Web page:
What does it mean to have a diverse faculty in higher education? A diverse faculty is one that brings diverse experiences and backgrounds to their roles as educators and researchers; represents a diversity of races, ethnicities, genders, ages, sexual orientations, and abilities; and includes a diversity of scholary interests, viewpoints, and learning styles.
You likely already know how such diversity can improve student body diversity and success as well as broaden scholarship and human understanding. Many colleges and universities have robust plans in place around diversity, equity, and inclusion — but how many are realizing their goals for faculty diversity?
To help more institutions in higher education fulfill their vision of greater faculty diversity, this article outlines key steps to take that will enable both short-term progress and long-term success.
The Benefits of Having a Diverse Faculty
Research shows that faculty diversity in higher education supports the success of students from underrepresented groups as well as all students’ intercultural competence.
Moreover, female students feel that they receive more help and support from faculty of the same gender. Given that 59.5% of U.S. college students are women, having more female faculty is essential to making the majority of your students receive the help and support they want.
Faculty diversity in scholarship and research also expands societal knowledge and understanding, whether through an African-American researcher uncovering the reasons for racial disparities in blood pressure, a scholar from a disadvantaged community studying the effect of early-childhood stress on life outcomes, or a professor with a disability publishing about disability justice.
How to Increase Faculty Diversity in Higher Education
Increasing faculty diversity depends upon success in multiple areas:
- ensuring a campus-wide commitment to diversity efforts;
- improving hiring practices; and
- developing resources that support the success of faculty members from underrepresented groups.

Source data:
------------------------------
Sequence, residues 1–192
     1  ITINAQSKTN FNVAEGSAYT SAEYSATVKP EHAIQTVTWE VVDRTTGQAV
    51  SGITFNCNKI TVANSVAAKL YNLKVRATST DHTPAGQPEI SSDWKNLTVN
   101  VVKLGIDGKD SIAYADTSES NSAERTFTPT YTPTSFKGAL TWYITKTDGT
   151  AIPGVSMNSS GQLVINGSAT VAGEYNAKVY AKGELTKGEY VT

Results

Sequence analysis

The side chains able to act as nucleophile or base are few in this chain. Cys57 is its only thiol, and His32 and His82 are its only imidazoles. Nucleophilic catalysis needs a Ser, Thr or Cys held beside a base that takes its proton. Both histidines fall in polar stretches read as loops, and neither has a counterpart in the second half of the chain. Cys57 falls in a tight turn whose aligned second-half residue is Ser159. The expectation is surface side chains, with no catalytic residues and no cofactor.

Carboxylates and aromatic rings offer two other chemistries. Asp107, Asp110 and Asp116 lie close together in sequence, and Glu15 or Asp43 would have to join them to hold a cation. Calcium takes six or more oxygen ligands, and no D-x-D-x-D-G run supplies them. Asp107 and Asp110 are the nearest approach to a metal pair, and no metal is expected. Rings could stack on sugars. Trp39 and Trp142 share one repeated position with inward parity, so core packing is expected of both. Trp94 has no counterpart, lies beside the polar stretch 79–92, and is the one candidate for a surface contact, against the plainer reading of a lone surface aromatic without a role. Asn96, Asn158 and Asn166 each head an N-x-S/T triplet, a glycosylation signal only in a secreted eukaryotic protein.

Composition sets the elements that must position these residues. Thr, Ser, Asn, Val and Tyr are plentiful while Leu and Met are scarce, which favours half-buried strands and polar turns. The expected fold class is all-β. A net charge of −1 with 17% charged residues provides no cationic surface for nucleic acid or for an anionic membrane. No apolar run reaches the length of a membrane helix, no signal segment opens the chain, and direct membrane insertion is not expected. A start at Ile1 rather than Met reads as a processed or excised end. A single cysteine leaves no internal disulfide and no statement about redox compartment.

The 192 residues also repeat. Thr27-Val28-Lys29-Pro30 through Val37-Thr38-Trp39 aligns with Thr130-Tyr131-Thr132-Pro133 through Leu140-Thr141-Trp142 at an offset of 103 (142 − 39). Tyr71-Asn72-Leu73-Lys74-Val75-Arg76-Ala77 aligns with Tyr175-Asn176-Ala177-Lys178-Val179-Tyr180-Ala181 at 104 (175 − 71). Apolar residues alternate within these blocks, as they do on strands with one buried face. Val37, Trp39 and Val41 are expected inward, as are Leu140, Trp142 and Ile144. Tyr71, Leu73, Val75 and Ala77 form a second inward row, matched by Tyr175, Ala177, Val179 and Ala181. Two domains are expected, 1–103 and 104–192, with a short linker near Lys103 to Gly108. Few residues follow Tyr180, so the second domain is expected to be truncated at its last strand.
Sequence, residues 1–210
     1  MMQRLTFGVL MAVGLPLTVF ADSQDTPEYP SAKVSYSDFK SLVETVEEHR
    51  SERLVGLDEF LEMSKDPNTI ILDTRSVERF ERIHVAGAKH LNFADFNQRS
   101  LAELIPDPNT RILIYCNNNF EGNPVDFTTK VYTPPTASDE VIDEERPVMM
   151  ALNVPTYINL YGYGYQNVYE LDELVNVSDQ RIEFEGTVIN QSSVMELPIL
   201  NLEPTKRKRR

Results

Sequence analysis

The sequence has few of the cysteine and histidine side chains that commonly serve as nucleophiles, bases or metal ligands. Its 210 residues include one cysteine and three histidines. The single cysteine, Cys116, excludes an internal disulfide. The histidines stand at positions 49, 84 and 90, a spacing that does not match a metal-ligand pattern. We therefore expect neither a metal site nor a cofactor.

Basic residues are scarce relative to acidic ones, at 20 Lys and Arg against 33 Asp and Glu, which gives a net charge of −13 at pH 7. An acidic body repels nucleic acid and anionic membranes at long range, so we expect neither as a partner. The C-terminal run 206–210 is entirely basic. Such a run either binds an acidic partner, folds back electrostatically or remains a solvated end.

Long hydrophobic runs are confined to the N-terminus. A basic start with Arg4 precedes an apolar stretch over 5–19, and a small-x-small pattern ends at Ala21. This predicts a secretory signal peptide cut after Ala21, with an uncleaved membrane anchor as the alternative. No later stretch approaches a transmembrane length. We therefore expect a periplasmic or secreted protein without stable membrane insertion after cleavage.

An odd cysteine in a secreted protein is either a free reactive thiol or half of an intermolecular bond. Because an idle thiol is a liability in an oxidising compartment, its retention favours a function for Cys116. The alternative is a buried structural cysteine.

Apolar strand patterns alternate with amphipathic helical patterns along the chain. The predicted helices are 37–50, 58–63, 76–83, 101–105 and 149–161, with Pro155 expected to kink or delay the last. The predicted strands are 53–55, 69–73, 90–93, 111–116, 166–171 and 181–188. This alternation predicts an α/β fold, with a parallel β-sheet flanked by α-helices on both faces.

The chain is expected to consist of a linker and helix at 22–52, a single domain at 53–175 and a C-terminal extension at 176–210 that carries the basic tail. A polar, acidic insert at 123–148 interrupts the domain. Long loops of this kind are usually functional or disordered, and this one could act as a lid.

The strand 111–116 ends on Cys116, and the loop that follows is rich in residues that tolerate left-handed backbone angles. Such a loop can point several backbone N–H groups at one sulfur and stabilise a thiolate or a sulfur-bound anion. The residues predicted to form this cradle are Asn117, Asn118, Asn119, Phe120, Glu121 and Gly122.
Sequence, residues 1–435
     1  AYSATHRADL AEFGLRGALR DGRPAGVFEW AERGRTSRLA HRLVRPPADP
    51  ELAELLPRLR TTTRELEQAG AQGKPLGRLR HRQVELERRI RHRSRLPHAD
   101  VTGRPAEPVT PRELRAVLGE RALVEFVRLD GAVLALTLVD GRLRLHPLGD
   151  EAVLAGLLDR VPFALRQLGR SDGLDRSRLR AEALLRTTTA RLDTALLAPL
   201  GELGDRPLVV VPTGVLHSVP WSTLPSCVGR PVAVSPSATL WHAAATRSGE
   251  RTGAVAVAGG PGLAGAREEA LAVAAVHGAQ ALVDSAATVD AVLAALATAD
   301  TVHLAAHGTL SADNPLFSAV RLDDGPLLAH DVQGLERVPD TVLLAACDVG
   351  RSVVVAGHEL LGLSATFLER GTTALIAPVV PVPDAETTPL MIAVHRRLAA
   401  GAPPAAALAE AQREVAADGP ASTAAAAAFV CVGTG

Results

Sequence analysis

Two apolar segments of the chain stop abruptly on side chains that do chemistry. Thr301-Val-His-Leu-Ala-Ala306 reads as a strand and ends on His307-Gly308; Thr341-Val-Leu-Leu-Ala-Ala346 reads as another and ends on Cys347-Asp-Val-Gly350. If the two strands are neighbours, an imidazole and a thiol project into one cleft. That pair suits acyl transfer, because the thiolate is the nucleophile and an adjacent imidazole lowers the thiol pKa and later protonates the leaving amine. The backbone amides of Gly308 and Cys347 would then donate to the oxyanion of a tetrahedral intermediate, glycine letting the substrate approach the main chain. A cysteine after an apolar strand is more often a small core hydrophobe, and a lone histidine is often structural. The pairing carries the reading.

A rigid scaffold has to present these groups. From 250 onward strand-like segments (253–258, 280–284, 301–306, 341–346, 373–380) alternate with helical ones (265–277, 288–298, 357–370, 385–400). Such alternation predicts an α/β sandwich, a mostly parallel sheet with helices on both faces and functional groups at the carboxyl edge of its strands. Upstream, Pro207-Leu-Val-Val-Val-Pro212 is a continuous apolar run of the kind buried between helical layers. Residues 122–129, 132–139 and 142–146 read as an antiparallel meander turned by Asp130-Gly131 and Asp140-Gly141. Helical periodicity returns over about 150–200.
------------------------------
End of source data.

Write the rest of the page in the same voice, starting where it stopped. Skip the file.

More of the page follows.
Below we elaborate on how to succeed in each of these areas.
Ensuring A Campus-Wide Commitment to Faculty Diversity – and Policies that Support that Commitment
Higher education administrators and department chairs should weave their institution’s commitment to faculty diversity into strategic plans and mission statements — as well as institutional policies.
For example, institutional policies relating to faculty workloads and faculty review, promotion, and tenure need to be reexamined in light of how they impact faculty diversity. Institutions may need to adjust these policies to improve attraction and retention of diverse candidates.
Administrators can also remind all community members of their institution’s diversity goals by reaffirming them during campus talks and meetings.
Of course, realizing a commitment to faculty diversity also depends upon making specific changes to hiring practices.
Five Steps in Hiring Practices to Increase Faculty Diversity
Faculty affairs administrators and departments have the ability and responsibility to actualize their institution’s faculty diversity goals.
The first step each department should take is to set goals for diversity and inclusion by:
- Discussing long-term goals related to faculty diversity and inclusion in hiring;
- Assessing past successes and failures with diversity goals — which informs practices going forward; and
- Discussing ways that faculty recruitment and selection processes can be more inclusive.
For example, for business schools that lack faculty from underrepresented groups, departments might discuss dropping the requirement of a Ph.D. for tenure-track candidates and instead consider candidates based on their business experience and/or possession of an MBA degree.
One outcome of this initial broad discussion is that your department will likely recognize the importance of this second step in hiring practices:
- Electing an inclusive search committee and implementing strategies to encourage multiple opinions.
If your department’s current make-up is not especially diverse, you can always include members from other departments to achieve an inclusive search committee.
The third step is for the hiring manager and search committee to develop a broad and active recruitment plan.
This plan would naturally have the goal of attracting a large and diverse pool of applicants. The plan would also include specific recruitment strategies that would ensure wide dissemination of the opportunity. For example, the plan would likely call for the search committee and hiring manager to identify resources that would ensure wide distribution of the position announcement.